Early morning sunshine and the angle of the sun this time of year allowed for temperatures to rise into the 40s, so some of the snow from yesterday got to melt. It’s a great winter day before the clouds thicken this evening as our next storm arrives at night.
The snow will spread from southwest to northeast arriving to Boston around 8 p.m. The heaviest snow is expected to fall during the overnight hours, where 1-2” of snow per hour is possible, making it difficult for travel, so expect reduced visibility if you have to be on the roads.
In far southeastern Massachusetts it will be warm enough for the snow to change to a wintry mix and/or rain overnight. That will cut down on snow totals there. As of now we’re expecting 1-3” for the South Coast and Cape, with less on the Islands.
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Three to six inches of wet, pasty snow is likely for the South Shore and areas right around Boston. From the city just north and west, more like 6-9” is anticipated.
Totals will drop off in northern New England, since those areas are farther away from the storm that’s passing offshore. At this moment, the exact track remains uncertain.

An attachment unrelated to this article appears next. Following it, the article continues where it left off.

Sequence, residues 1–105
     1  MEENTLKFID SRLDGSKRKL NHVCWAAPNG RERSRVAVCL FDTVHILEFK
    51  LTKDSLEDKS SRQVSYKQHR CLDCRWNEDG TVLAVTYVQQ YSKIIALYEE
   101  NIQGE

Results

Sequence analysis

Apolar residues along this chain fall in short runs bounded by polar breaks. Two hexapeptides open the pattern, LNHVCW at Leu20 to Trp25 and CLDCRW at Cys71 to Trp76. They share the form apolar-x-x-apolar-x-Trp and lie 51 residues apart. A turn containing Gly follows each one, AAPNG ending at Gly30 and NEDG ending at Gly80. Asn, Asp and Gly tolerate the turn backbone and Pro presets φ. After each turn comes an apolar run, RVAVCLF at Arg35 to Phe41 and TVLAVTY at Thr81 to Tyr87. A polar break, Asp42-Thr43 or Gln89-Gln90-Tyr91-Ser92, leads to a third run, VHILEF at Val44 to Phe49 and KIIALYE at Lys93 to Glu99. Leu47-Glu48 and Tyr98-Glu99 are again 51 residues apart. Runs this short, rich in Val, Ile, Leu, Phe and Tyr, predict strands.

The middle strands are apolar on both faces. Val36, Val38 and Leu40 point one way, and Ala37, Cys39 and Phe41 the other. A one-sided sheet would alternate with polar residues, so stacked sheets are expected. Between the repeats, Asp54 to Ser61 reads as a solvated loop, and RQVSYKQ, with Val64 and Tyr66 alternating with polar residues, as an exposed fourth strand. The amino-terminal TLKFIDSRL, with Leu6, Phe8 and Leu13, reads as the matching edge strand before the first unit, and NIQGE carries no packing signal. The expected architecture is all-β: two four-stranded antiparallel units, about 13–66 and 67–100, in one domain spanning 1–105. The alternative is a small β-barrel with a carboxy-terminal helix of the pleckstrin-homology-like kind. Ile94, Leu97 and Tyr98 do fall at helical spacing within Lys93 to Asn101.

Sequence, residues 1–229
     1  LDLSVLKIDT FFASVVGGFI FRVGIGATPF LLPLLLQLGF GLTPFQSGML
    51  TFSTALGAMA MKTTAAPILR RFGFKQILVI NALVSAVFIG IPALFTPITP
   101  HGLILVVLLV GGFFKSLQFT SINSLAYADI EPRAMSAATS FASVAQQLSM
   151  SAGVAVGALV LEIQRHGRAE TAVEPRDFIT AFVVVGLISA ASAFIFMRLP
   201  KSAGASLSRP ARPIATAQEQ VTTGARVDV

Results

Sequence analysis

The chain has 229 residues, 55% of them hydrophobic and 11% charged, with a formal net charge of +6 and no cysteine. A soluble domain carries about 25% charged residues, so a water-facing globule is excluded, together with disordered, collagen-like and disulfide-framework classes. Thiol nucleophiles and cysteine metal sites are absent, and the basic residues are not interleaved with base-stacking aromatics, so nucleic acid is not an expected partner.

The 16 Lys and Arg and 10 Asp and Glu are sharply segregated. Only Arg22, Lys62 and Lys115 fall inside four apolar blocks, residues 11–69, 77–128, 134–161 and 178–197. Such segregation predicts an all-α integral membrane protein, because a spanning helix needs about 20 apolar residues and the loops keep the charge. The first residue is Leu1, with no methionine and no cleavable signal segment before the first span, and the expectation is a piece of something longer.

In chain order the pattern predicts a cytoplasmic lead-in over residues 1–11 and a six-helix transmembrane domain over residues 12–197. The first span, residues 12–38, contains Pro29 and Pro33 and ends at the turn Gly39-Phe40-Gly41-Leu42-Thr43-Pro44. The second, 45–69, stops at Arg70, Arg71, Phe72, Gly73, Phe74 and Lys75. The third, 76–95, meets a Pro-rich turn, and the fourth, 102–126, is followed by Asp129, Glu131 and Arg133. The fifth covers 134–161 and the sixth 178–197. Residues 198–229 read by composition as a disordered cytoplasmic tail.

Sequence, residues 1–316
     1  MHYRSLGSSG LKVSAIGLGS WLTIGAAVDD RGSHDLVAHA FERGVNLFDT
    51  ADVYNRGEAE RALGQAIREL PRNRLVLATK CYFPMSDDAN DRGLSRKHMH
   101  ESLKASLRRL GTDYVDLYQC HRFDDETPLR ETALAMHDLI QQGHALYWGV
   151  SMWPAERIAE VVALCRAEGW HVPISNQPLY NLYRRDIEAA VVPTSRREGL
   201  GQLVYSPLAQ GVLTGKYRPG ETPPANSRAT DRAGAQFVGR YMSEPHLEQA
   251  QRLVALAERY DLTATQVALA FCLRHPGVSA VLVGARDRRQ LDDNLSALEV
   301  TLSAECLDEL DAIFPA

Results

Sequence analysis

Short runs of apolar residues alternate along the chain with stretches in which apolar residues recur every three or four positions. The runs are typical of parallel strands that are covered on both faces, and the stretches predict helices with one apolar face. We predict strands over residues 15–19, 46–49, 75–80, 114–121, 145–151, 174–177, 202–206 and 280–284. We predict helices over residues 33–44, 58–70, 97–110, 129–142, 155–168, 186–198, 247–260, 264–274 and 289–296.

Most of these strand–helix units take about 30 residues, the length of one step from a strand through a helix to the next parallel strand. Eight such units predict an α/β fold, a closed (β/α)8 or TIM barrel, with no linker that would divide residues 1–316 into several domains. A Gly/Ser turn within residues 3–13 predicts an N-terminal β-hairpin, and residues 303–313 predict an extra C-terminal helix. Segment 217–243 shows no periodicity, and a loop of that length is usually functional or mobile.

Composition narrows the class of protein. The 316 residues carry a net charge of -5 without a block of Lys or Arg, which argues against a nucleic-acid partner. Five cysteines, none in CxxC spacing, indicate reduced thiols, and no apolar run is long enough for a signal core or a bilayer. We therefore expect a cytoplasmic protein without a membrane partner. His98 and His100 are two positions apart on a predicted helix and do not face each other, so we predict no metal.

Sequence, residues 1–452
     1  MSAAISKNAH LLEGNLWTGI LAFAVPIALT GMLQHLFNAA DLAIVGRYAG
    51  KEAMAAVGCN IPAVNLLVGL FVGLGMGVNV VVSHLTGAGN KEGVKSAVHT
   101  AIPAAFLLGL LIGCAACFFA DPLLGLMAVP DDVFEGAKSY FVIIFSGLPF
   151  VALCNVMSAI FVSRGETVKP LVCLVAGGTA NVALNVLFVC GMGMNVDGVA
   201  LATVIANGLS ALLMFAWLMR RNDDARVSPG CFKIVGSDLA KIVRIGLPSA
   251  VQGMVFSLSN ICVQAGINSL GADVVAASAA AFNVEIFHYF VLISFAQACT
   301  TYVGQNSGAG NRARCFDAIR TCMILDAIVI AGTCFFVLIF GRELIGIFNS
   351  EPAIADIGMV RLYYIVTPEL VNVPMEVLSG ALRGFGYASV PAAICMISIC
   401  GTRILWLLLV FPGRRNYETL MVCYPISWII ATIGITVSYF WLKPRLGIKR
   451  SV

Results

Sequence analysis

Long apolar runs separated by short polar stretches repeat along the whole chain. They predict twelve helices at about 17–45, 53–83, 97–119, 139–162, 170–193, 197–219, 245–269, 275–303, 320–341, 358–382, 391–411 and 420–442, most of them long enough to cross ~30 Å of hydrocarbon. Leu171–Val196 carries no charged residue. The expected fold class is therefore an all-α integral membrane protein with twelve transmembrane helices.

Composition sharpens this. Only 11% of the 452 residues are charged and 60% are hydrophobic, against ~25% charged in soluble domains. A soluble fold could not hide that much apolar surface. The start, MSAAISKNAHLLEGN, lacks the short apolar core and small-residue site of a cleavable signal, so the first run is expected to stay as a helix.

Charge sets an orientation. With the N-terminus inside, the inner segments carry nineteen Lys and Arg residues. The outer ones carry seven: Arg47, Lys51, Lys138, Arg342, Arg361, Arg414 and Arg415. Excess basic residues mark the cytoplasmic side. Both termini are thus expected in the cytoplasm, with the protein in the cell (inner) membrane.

Our totals could change as the system gets closer, though our current thought is based on the low moving along the South Coast, putting the axis of the heaviest snow along the Mass Turnpike.
With that said, due to the consistency of the snow, the potential for downed trees exists so isolated power outages can’t be ruled out. This system is quick moving and conditions will improve by Monday morning, with temperatures rebounding into the 30s to low 40s.
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Partial clearing will take place during the afternoon as it turns breezy, so a lot of the snow will melt. Patchy black ice is possible Monday night so be careful on the roads/sidewalks.
Colder air takes a grip of the work week, with highs in the 20s and low 30s but it looks fairly quiet. By next weekend, temperatures will be in the 40s with a chance for rain south and snow north. We also ‘spring forward’ as Daylight Saving Time begins on March 10.